Call For Papers: Emotion in Composition

Posted by – July 11, 2015

The editors of Composition Forum are pleased to announce a call for papers for an upcoming special issue on Emotion in Composition. Please send proposals of 300 to 500 words by September 5, 2015 to Lance Langdon ( See below for a complete timeline.

Special Issue CFP: Emotion in Composition
Guest editor: Lance Langdon (

By 2016, it will have been nearly twenty years since the publication of Lynn Worsham’s “Going Postal,” which traced student anger to its institutional sources, and almost a decade since Laura Micciche’s Doing Emotion, which urged emotional performance as a cognitive endeavor. It is the ambition of this special issue to reorient our field’s conversation regarding emotions once again, finding pathways through two decades’ worth of emotional investigation, charting new directions, and coming to grips with the action of emotions today—whether on campus, in local communities, or online; in program administration or in the teaching and learning of writing.

In the last twenty years the field of Composition has examined how emotion influences writers’ cognition and revision, constitutes classrooms as communities, and saturates program administration. We have asserted the centrality of emotion to critical thinking and critical literacy, to student interest and retention, and to the construction of student writers, WPAs, and instructors as gendered, raced, and classed subjects. We have valued the emotional labor of these same subjects, the work that gets done through emotional performance. And we have interrogated empathy and compassion in diverse classrooms and communities and in evolving publics.

Yet as the last decade’s blossoming of scholarship regarding affect has matured, what signs are there of a second spring? It might be argued that inquiry into emotion has spent itself and can provide no further insight, that we have hit a methodological wall in our reading of classroom interactions as symptomatic of cultural trends and in our investigation of moments of explosion. We have plumbed what positive emotions can do for student writers in opening to the world and established a framework around that stance. We have detailed and formed action plans through which to handle uncomfortable discussions of white privilege and able-­‐ism, of racism, classism, sexism, and homophobia.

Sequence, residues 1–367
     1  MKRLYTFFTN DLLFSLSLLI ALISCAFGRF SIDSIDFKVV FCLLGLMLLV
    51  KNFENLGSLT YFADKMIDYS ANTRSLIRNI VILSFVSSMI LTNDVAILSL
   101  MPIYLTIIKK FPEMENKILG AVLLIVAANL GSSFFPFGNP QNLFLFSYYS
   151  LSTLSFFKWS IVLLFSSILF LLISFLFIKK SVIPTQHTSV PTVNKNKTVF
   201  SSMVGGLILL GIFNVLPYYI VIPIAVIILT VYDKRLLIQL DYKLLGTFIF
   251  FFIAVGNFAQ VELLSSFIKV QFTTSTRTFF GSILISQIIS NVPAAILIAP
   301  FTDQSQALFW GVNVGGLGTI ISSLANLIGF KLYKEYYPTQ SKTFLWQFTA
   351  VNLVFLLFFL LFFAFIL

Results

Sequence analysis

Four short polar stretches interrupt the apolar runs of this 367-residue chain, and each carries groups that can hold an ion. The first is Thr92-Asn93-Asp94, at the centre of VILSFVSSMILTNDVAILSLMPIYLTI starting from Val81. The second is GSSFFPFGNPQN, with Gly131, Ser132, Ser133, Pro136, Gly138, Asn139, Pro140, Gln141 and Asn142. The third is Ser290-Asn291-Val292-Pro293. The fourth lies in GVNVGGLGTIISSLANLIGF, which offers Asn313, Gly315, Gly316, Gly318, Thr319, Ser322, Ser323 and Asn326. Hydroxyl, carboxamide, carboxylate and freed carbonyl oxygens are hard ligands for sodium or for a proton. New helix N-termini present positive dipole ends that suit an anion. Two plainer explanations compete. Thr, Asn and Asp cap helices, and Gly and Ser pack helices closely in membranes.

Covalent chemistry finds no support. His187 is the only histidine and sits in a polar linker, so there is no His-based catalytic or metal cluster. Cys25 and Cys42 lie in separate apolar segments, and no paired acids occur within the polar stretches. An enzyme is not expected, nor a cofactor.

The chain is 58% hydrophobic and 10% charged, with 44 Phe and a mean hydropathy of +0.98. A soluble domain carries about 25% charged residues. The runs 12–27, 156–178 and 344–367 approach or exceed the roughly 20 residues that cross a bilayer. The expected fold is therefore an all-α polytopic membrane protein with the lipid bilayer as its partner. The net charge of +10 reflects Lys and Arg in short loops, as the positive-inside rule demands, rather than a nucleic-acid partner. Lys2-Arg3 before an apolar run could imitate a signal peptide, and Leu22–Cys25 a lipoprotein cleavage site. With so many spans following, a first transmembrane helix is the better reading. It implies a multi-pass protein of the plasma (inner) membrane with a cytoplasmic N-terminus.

Yet work remains to be done in each of the above areas. We’ve yet to account for the ebbs and flows of interest and disinterest, annoyance and curiosity, that carry the daily teaching and learning language. We’ve insufficiently explored what frustration, mania and depression contribute to writing lives. We might even more fully attend to love’s labor to produce an equitable world.

These topics, coupled with those below, by no means exhaust what a fuller grappling with emotion contributes to the teaching and learning of writing. This issue calls upon researchers, teachers, and administrators to sift through the last twenty years of emotional inquiry in imagining what we’ll need to know and do in the next twenty—complicating, reframing, and extending previous engagements with emotion. It also solicits those opening up entirely new avenues of inquiry through theories previously unexplored in composition, topics unaddressed, and methodologies yet to be applied.

Prospective authors might propose to discuss (but should not feel limited to):

  • Classroom implications of terminological distinctions (e.g. emotion/pathos/passion/feeling/affect, empathy/sympathy/compassion)
  • Boredom and engagement in FYC
  • Theories of affect in conversation with composition
  • Motivation and writing
  • Grit and retention
  • Emotional communication in tutorials and/or conferences
  • Use and abuse of “emotional literacy” and “emotional intelligence”
  • Institutional emotions (e.g. WPA disappointment, TA or job market anxiety)
  • Emotional labor of students, WPAs and writing instructors